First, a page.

15.    Greek word MPOUMPOURAS  meaning "bumble bee", [Divry's English-Greek and Greek-English Dictionary, 1988, p. 597],  rearranged as "POMPOM-ARUSU",  is an anagrammatized form of Turkish expression "BOMBOM ARUSU" meaning "the bumble bee" 

Presently in Turkish, for "bumblebee" the term "EŞEK ARUSU" (EŞEK ARISI) is used meaning "the donkey bee" probably referring to its huge size.  It is likely that in ancient times Turks could have also used the term "BOMBOM ARUSU".  Turkish ARU (ARI) means "bee", ARUSU (ARISI) means "the bee".


16.    Greek word KABOURDISMA meaning "roasting, frying", [Divry's English-Greek and Greek-English Dictionary, 1988, p. 538],  rearranged as "KABURMADI-O-S",  is an anagrammatized form of Turkish expression "KAVURMADI O" meaning "it is roasting, it is frying". Turkish verb "kavurmak" means "to roast, to fry". Thus KAVURMA means "roasting". 


17.    Greek word KABOURDIZW meaning "I roast, I fry", [Divry's English-Greek and Greek-English Dictionary, 1988, p. 538],  where the bogus letter W is UU in this case,  rearranged as "KABURUZUDI-O",  is an anagrammatized form of Turkish expression "KAVURUCUDU O" meaning "he is one who roasts, he is one who fries". Turkish verb "kavurmak" means "to roast, to fry". KAVURUCU means "he/she who roasts, fries". 


18.    Greek word MPASTOUNI meaning "stick, cane, club", [Divry's English-Greek and Greek-English Dictionary, 1988, p. 596],  rearranged as "SOPAMTI-U-N",  is an anagrammatized form of Turkish expression "SOPAMDI O" meaning "it is my stick, it is my cane, it is my club". Turkish word SOPA means "stick, cane, club"SOPAM means "my stick", SOPAMDI  means "it is my stick". 

Alternatively, the Greek word MPASTOUNI, when rearranged as "PASTONIM-U",  is an anagrammatized form of Turkish expression "PASTONUM O" (BASTONUM O) meaning "it is my cane". Turkish word BASTON means "cane". 


19)   Greek word MISTHODOSIA meaning "payment of wages", [Divry's English-Greek and Greek-English Dictionary, 1988, p. 592],  rearranged as "ISHSI-ODATOM",  is an anagrammatized form of Turkish expression "IŞCI-ÖDEDÜM" meaning "I paid workers" which is the same as "payment of wages".  Turkish IŞCI means "worker, wager", ÖDEMEK means "to pay", ÖDE means "pay", that is, its command form, ÖDEDÜM meaning "I paid" 


20)   Greek word MISTHARNW or MISTHARNEW is defined as meaning "I serve for hire", [Divry's English-Greek and Greek-English Dictionary, 1988, p. 592]. The letter W at the end of the word is a replacement for UU combination.  This makes the word as MISTHARNEUU.  When the word MISTHARNEUU is rearranged as "ISHNU-ETARUM",  it is found to be an anagrammatized, disguised and Hellenized form of Turkish expression "IŞINÜ EDERÜM" (IŞINI YAPARIM) meaning "I do your work", "I am paid worker", that is, "I am worker who does work for money".  

Turkish word "" means "work", IŞINÜ means "your work", ETMEK means "to do, to make", EDER means "he/she/it does", EDERÜM means "I do".  So, as it is seen, Turkish is a monosyllabic language in which the words are structured by adding monosyllabic suffixes to a root word, almost like mathematics. 


Last Comments: 

In this exercise, I analyzed and deciphered twenty "Greek" words and I showed conclusively that they have all been anagrammatized from Turkish words and expressions. Although they have been well disguised and presented as Greek words to the world,  their origin is definitely in Turkish. With the applied disfiguration by means of anagrammatizing, the source Turkish linguistic material, that is, Turkish words and expressions, have been alienated and linguistically usurped from Turkish.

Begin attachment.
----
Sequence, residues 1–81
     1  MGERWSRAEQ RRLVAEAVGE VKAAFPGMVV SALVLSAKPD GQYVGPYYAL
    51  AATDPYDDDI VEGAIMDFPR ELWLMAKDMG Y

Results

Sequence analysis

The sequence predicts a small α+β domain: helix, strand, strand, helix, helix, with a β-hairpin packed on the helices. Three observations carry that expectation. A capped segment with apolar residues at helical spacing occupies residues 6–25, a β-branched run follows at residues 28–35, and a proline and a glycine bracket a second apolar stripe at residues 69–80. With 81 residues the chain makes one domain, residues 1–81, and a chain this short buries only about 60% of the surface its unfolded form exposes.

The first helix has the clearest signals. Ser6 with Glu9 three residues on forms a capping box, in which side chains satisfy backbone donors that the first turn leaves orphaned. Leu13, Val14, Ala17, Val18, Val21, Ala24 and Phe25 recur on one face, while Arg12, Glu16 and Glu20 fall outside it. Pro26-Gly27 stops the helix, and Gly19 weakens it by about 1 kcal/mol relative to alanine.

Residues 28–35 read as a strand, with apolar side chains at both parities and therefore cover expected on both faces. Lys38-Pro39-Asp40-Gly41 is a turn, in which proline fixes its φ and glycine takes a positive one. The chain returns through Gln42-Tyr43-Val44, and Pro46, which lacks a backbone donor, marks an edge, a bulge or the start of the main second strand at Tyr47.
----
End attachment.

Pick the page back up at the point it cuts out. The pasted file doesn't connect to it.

These Greek words clearly show that Turkish was the model and the source language for manufacturing not only these Greek words shown in this study, but also countless number of other words of Greek, Latin and other so-called Indo-European and Semitic languages. Since they have done this with many words from Turkish, there is no reason for them to stop there.  Surely, they have manufactured many more words from Turkish as I have been showing in my writings.  

These decipherments show that the technique of "anagram" was widely used by certain groups to manufacture new languages for themselves from Turkish which was the world-wide spoken language of the ancient world, [see GENESIS: 11].  

Some readers have mistakenly raised the view that since such words of the Indo-European languages are made up from Turkish, this discovery may entice some Turks to take these broken up and alienated words back into "Turkish" with the false "excuse" that they are already made up from Turkish.  Of course, such a thinking is total nonsense, and any one who tries to import such alienated words into Turkish must be regarded as being out of his/her mind". Such importations into Turkish would corrupt Turkish and cause its eventual death. That should never happen. In all of my writings, I have never even suggested let alone recommended that such an ill-thought action should take place.  

Those Turkish source words and expressions that certain cultures have used as source for the manufacture of words for their non-authentic languages are already present in the Turkish language and people speak and use them in all kinds of communication purposes. 

Furthermore, showing how the Indo-European languages have been made up from Turkish is one thing, but adopting those alienated and totally restructured words that do not fit anymore into the almost mathematical structure of the Turkish language is another!


Best wishes to all,

Polat Kaya

10/11/2008